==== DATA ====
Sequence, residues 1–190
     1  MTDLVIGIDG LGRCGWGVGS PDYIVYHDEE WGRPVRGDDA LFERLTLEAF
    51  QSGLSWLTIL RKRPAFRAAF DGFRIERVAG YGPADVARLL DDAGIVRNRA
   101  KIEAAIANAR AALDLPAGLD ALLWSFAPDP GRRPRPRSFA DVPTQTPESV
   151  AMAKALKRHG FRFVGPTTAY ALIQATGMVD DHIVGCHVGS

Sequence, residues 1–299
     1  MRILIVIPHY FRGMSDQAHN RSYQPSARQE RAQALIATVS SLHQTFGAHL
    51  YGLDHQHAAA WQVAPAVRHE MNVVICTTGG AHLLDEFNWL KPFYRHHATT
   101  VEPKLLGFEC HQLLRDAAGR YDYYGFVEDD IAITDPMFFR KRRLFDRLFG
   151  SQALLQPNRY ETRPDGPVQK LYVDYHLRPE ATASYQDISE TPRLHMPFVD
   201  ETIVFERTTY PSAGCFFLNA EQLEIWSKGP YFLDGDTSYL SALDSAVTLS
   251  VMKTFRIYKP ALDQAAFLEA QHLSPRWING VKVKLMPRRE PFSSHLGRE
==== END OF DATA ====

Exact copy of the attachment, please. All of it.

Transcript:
Sequence, residues 1–190
     1  MTDLVIGIDG LGRCGWGVGS PDYIVYHDEE WGRPVRGDDA LFERLTLEAF
    51  QSGLSWLTIL RKRPAFRAAF DGFRIERVAG YGPADVARLL DDAGIVRNRA
   101  KIEAAIANAR AALDLPAGLD ALLWSFAPDP GRRPRPRSFA DVPTQTPESV
   151  AMAKALKRHG FRFVGPTTAY ALIQATGMVD DHIVGCHVGS

Sequence, residues 1–299
     1  MRILIVIPHY FRGMSDQAHN RSYQPSARQE RAQALIATVS SLHQTFGAHL
    51  YGLDHQHAAA WQVAPAVRHE MNVVICTTGG AHLLDEFNWL KPFYRHHATT
   101  VEPKLLGFEC HQLLRDAAGR YDYYGFVEDD IAITDPMFFR KRRLFDRLFG
   151  SQALLQPNRY ETRPDGPVQK LYVDYHLRPE ATASYQDISE TPRLHMPFVD
   201  ETIVFERTTY PSAGCFFLNA EQLEIWSKGP YFLDGDTSYL SALDSAVTLS
   251  VMKTFRIYKP ALDQAAFLEA QHLSPRWING VKVKLMPRRE PFSSHLGRE